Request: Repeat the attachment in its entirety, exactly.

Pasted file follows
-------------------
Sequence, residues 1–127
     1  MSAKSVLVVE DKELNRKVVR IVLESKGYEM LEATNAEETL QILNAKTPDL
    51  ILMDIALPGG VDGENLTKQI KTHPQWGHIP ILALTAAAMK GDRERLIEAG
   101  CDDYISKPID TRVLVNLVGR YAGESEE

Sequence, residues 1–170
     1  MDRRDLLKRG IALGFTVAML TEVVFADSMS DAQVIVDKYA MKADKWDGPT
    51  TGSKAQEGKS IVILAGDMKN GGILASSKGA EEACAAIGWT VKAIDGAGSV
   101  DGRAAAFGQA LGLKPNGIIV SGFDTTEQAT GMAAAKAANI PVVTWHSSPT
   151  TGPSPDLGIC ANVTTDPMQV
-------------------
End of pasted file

Sequence, residues 1–127
     1  MSAKSVLVVE DKELNRKVVR IVLESKGYEM LEATNAEETL QILNAKTPDL
    51  ILMDIALPGG VDGENLTKQI KTHPQWGHIP ILALTAAAMK GDRERLIEAG
   101  CDDYISKPID TRVLVNLVGR YAGESEE

Sequence, residues 1–170
     1  MDRRDLLKRG IALGFTVAML TEVVFADSMS DAQVIVDKYA MKADKWDGPT
    51  TGSKAQEGKS IVILAGDMKN GGILASSKGA EEACAAIGWT VKAIDGAGSV
   101  DGRAAAFGQA LGLKPNGIIV SGFDTTEQAT GMAAAKAANI PVVTWHSSPT
   151  TGPSPDLGIC ANVTTDPMQV